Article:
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You should include on this list • any company in which you • personally own one or more shares of stock or some other financial interest • have an equitable interest (e.g., as a vested beneficiary) in an estate or trust that has a financial interest in the company • serve as an officer, director, advisor, trustee, or active participant in the affairs of the company • serve as a fiduciary of an estate or trust that has a financial interest in the company • any company in which your spouse or minor child has a similar interest • any agency, company, or law firm with which you are discussing future employment. You should inform your judge that you have an actual conflict if, in a case assigned to your judge, • you have personal knowledge of disputed evidentiary facts • you previously served as counsel in the matter • your previous or future law firm served as counsel in the matter • you are a party • you are likely to be a material witness • you have previously served in government employment as counsel, advisor, or material witness in the matter, or expressed an opinion concerning the merits • your spouse or a close relative is a party or counsel in the matter • your spouse or a close relative is an officer, director, or trustee of a party • your spouse works for a law firm that represents a party in the matter • your spouse or a close relative is likely to be a material witness • you, your spouse, or a close relative has an interest that could be materially affected by the outcome.
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Caution
Clerks must exercise special caution in political activities, online activities, and accepting gifts. You may not • engage in partisan political activities, either as a candidate or on behalf of others • engage in nonpartisan political activities. Clerks must ensure that their online activities do not conflict with their ethical obligations or undermine the impartiality and independence of the court. Ask your judge about his or her policies, or the court’s policies, if you • contribute to a blog • maintain a profile on a social or professional networking site.

Community Activities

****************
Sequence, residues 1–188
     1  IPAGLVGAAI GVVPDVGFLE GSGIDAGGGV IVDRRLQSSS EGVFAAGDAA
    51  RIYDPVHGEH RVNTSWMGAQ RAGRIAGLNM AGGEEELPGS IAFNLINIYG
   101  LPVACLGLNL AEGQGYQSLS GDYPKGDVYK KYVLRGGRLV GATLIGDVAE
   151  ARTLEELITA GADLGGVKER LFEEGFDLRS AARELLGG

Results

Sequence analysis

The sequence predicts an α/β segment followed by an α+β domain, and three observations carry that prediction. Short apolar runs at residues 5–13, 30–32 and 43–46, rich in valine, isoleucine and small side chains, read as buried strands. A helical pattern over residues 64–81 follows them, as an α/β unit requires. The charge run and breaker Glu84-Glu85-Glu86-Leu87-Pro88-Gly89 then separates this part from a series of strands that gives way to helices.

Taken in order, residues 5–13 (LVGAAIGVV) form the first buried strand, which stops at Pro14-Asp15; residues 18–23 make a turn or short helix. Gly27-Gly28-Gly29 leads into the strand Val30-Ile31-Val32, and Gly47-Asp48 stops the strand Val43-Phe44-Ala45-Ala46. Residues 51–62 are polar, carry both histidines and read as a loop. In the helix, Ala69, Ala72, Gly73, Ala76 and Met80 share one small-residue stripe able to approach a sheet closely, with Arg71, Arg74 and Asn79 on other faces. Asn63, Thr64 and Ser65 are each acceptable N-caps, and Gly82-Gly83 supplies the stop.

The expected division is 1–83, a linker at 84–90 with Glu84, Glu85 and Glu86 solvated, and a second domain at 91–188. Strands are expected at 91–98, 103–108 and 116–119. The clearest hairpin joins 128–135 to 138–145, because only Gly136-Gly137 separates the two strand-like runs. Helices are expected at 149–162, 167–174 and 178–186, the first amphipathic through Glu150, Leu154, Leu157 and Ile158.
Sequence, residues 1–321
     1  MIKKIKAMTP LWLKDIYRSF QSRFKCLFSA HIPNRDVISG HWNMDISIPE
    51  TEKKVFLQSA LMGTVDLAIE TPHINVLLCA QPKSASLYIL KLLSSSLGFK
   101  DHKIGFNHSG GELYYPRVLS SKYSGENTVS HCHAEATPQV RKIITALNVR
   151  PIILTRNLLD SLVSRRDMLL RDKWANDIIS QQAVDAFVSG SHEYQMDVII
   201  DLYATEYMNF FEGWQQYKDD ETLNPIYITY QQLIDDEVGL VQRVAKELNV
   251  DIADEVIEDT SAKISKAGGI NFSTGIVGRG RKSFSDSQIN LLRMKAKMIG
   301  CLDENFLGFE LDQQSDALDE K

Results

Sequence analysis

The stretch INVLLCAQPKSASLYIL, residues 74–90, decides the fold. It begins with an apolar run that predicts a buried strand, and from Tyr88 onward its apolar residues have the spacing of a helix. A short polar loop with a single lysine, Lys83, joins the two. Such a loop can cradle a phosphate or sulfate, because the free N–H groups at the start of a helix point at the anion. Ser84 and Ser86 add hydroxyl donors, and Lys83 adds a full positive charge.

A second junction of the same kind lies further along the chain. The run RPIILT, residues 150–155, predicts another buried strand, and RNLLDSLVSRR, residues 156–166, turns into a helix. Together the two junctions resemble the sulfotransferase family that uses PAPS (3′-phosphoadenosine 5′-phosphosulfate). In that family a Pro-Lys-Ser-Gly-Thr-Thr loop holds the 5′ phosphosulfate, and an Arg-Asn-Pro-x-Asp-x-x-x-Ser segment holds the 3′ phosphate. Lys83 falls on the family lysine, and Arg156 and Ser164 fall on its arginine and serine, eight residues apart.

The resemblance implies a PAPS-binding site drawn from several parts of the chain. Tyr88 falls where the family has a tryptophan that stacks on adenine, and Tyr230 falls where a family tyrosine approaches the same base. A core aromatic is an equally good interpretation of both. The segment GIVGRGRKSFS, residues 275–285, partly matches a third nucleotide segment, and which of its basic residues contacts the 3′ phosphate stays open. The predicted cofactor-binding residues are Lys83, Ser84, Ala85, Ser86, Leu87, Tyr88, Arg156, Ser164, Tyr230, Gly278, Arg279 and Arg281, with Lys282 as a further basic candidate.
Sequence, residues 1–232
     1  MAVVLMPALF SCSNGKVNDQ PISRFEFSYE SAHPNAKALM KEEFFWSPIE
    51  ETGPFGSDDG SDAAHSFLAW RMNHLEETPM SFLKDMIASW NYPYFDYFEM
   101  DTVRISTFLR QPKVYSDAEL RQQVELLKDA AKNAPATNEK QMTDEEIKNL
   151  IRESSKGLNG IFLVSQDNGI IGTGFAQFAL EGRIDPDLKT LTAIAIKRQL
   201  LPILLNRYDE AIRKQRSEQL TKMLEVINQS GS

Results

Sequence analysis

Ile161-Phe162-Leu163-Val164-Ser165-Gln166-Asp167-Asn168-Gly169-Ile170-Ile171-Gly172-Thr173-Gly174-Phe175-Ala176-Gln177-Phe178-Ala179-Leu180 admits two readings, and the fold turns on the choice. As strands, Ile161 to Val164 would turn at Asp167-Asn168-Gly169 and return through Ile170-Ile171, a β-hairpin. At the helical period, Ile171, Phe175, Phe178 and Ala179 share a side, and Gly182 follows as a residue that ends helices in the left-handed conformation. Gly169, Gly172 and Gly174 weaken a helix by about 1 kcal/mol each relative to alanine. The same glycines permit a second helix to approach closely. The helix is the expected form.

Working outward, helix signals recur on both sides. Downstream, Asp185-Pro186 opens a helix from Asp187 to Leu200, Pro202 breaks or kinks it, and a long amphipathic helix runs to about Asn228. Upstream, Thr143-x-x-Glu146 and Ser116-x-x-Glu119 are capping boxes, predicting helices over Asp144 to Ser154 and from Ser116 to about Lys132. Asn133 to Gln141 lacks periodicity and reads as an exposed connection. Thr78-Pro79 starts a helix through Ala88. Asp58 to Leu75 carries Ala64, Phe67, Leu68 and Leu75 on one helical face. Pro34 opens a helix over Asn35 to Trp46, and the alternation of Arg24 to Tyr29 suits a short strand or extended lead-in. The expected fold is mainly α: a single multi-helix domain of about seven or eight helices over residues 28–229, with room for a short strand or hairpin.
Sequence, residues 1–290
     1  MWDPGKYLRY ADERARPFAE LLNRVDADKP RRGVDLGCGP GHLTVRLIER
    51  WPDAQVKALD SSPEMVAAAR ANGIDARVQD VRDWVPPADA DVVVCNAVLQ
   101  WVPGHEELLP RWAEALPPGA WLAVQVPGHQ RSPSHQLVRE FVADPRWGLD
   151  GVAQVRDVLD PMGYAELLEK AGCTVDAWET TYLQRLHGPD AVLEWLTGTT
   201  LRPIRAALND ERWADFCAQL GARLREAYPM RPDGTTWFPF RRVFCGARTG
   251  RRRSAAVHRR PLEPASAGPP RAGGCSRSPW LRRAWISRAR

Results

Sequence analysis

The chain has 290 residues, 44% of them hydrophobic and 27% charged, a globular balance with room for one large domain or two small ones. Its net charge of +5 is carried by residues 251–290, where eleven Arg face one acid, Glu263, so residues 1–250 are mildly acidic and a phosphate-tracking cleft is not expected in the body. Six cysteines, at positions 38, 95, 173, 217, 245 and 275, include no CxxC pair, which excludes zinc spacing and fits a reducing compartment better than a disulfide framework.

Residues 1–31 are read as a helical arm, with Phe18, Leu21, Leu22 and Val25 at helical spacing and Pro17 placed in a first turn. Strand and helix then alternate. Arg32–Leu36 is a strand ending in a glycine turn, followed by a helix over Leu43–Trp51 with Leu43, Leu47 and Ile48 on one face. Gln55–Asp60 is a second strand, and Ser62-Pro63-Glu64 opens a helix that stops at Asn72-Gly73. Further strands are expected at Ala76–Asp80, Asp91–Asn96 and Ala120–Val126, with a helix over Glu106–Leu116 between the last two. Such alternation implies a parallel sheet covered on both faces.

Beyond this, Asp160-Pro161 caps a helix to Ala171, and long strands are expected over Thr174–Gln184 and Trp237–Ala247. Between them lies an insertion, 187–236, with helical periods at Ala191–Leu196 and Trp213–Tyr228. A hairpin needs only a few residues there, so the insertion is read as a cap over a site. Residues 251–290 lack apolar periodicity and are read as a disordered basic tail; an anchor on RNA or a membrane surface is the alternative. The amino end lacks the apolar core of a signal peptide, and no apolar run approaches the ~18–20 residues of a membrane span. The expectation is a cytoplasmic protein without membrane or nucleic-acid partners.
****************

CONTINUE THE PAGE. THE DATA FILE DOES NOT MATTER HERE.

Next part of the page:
Clerks are not expected to give up their lives outside the courthouse, but working for the judiciary does impose constraints that may not be obvious. Some activities you take for granted may be inappropriate while you are employed as a clerk; for example, do you • serve as a member or on the board of a professional or lawrelated organization? • serve as a member or on the board of a civic, charitable, or social club? • belong to an organization that litigates frequently in federal court? • belong to an organization engaged in lobbying or political activities? • raise funds for your outside activities? If your answer to any of these questions is yes, consult with your judge. You should also find out exactly how your judge wants you to deal with opportunities to write, speak, or publish, including • restrictions on writing and publishing during your clerkship • procedures to be followed before agreeing to speak, write, or teach • restrictions on law-related subjects • restrictions on other subjects.
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Career
Because most clerkships are short-term, clerks are often in the process of securing future employment. Some may work at other jobs. In addition to being familiar with ethical restrictions, be sure you understand exactly how your judge wants you to • deal with law practice or other outside employment, including • restrictions on the practice of law (pro bono or otherwise) • restrictions on other law-related pursuits. • deal with efforts to seek future employment, including • applying to or interviewing with prospective employers before your clerkship ends • using writing samples produced during your clerkship • discussing your contributions to your judge’s work • discussing your judge’s office procedures and proclivities • working on matters handled by law firms with whom you are seeking employment • accepting a job offer before your clerkship ends.

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Appendix: How To Obtain Online Ethics Resources
The Administrative Office of the U.S. Courts (AO) and the Federal Judicial Center (FJC) maintain extensive ethics information online. The AO information includes the Code of Conduct for Judicial Employees, Advisory Opinions, the Compendium of Selected Opinions of the Codes of Conduct Committee, and regulations and statutes related to gifts and outside income and employment. To access any of this information (and more): • go to http://jnet.ao.dcn/Ethics; and • select the resource you need. The FJC’s website includes numerous education and training programs for law clerks, judicial employees, and judges. To access these programs: • go to http://cwn.fjc.dcn; • click on “Ethics and Codes of Conduct” under “Resources by Subject”; and • select the resource you need.